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Le Bailliage du Greater Washington, DC Chapter

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Clear Mastery at "Clarity"

January 22, 2018

By Michael McHenry, Vice Conseiller Gastronomique, Bailliage of Greater Washington, D.C.

Members of the Bailliage of Greater Washington gathered the evening of January 22, 2018 at Chef Jon Krinn's "Clarity" restaurant in Vienna, Virginia, for an updated tasting of Chef Krinn's skills. Chef Krinn, who previously cooked for the Chaîne at 2941, the restaurant that he opened in Falls Church, Virginia, in 2001, opened Clarity in 2015 to critical acclaim. The dinner that lucky attendees enjoyed on the Chaîne's first visit to Clarity demonstrated the breadth and depth of his mastery of technique and his ability to take the finest ingredients to new levels. Flavors, textures, and presentations were all, quite simply, spectacular.

One of the unique elements of this dinner is that Chef Krinn cooked or finished most of the dishes himself, and attendees were able to watch him work as he put the final touches on the plates before they were served. The dinner was held in a recently opened expansion of Clarity, and Chef Krinn's attention to culinary detail was matched by the subtle touches in the design and architecture of the new space.

As is customary in the Bailliage, the evening began with a Champagne reception as members and guests arrived. Hors d'oeuvres included a spoonful of bright red and perfectly fresh tuna tartare and tuna crudo and a skewer of smoked shrimp and eggplant. Chef Krinn also served slices of a foie gras torchon on crostini, garnished with a pickled cherry, which cut the richness of the beautifully flavored foie gras. The final hors d'oeuvre was a small glass of a rich chestnut soup. In his description and discussion of the hors d'ouvres, Chef Krinn explained that even though the soup looked creamy and had a light texture, the key to its preparation was to cook the chestnuts and then to puree them in a high-speed blender to incorporate as much air as possible into the puree. The result was a light, smooth soup with pure chestnut flavor. The hors d'oeuvres were served with glasses of Gonay-Medeville Brut Champagne, NV, full-bodied, rich, and crisp Champagne from vineyards near Epernay in the Champagne region of France.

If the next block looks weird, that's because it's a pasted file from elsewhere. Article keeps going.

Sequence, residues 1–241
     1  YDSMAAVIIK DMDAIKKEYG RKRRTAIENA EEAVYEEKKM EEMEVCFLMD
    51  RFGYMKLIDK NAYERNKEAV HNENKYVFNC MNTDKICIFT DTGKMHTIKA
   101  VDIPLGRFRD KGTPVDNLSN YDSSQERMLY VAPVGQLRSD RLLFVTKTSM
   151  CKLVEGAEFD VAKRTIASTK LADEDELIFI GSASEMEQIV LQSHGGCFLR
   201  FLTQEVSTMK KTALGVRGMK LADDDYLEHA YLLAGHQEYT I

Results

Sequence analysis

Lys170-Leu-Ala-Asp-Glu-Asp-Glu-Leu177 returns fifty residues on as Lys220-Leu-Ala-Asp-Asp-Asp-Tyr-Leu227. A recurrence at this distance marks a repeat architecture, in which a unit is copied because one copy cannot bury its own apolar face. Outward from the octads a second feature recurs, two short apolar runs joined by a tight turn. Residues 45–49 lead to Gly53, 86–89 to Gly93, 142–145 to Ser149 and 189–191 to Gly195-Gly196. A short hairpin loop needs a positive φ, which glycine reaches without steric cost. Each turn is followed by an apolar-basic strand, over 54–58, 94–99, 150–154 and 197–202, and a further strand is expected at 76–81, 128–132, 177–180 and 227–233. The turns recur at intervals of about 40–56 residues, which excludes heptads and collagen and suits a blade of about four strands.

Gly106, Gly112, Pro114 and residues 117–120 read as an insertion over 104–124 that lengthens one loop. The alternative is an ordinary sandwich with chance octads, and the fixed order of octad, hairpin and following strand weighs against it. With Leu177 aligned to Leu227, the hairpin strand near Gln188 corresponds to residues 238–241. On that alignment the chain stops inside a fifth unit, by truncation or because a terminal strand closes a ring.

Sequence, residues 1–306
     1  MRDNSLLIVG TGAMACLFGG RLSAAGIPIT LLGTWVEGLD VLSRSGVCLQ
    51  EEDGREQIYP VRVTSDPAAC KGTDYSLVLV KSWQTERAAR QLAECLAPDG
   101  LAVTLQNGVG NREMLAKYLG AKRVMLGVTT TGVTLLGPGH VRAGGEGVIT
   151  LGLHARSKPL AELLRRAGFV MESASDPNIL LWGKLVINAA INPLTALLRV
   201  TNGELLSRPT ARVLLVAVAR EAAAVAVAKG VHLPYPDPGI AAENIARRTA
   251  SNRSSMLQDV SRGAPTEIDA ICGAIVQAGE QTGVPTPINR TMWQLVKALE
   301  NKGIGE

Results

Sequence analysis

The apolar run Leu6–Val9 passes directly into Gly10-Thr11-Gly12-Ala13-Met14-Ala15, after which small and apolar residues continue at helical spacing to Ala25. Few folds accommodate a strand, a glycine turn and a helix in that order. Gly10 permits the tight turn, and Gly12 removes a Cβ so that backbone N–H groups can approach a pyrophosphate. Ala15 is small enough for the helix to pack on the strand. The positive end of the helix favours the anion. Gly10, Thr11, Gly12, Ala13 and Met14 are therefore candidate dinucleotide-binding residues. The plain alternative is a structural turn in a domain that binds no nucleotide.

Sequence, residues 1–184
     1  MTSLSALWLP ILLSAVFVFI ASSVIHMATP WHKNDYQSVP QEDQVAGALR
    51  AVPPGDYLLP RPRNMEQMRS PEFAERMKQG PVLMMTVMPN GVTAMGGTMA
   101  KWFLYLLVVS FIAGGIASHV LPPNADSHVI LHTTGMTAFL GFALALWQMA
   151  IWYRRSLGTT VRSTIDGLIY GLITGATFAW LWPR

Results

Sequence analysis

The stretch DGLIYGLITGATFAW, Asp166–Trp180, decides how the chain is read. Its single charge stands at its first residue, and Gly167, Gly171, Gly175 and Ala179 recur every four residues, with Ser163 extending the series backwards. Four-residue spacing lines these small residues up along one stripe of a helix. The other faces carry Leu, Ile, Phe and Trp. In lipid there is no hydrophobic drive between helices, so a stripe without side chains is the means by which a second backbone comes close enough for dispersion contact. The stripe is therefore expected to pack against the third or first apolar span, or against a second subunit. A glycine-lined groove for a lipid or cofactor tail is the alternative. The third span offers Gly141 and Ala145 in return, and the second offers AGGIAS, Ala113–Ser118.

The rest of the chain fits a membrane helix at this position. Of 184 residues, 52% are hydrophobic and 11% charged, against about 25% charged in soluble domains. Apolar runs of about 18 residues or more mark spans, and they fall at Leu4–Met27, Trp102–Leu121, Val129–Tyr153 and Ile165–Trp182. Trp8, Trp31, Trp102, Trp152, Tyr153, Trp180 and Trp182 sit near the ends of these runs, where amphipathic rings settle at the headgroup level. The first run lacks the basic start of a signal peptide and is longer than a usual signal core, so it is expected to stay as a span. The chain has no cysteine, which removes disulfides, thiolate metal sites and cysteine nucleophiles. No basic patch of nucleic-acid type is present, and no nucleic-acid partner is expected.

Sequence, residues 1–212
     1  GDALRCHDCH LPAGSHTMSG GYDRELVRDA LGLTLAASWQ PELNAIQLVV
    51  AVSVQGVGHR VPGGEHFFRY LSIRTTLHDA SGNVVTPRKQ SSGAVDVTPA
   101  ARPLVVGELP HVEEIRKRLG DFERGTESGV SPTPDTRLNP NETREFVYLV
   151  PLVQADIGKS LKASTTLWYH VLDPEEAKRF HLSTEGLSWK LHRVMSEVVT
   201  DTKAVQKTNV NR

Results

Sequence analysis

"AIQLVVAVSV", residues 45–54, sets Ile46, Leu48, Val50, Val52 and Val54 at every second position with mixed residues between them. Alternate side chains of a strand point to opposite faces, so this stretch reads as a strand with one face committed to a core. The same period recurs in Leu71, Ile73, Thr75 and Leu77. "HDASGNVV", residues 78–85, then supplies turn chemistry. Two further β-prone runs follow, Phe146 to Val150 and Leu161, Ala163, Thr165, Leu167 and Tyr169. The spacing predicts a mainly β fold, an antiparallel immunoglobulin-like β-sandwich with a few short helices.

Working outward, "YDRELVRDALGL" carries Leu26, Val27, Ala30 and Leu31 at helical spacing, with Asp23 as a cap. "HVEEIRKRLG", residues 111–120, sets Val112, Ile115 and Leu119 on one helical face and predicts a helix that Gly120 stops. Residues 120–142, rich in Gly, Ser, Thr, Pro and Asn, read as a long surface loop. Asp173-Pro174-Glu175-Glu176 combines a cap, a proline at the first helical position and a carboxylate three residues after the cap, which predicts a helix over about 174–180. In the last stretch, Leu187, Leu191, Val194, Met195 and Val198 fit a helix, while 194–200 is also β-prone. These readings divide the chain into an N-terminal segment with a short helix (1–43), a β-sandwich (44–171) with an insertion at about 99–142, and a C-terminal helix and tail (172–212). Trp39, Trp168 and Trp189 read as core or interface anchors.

Once the group was seated in an intimate private dining space lined with floor-to-ceiling wine racks, Chef Krinn moved on the first course—New England diver scallops that had been lightly smoked in-house before being perfectly seared and served on a bed of apple-miso marmalade and garnished with Osetra caviar. This was a complex combination of flavors and textures—the scallops were perfectly cooked but with a soft texture, the marmalade provided a touch of sweetness that complemented the flavors from the smoking and searing of the scallops, and the caviar gave a touch of saltiness and contrast with the color of the seared scallops. Accompanying this course was a Didier Dagueneau Pouilly-Fume "Pur Sang" 2014, a sauvignon blanc from a small vineyard in the Loire, with strong fruit and herb accents that went beautifully with the scallops.

The second course was a crispy-skinned Mediterranean branzino braised in a consommé flavored with forest mushrooms and Napa cabbage. The fish was served on a bed of citrus spaghetti squash with a touch of a red pepper relish. The dish was subtly flavored—the flavors of the fish absorbed flavors from the consommé, and the spaghetti squash added texture. In discussing this course, Chef Krinn said that he placed special priority on the role of vegetables in creating a dish, providing flavors and presentation. This course, with the spaghetti squash and the mushroom and cabbage consommé, clearly reflected this approach. The wine served with this course was a Hubert Lamy Chassagne-Montrachet "Le Concis du Champs" 2013, a Chardonnay from the Côte du Beaune in Burgundy. This wine had floral and herbal accents as well as some mineral flavor from the vineyard's limestone soil. There was just a touch of oakiness from about a year of barrel aging before bottling.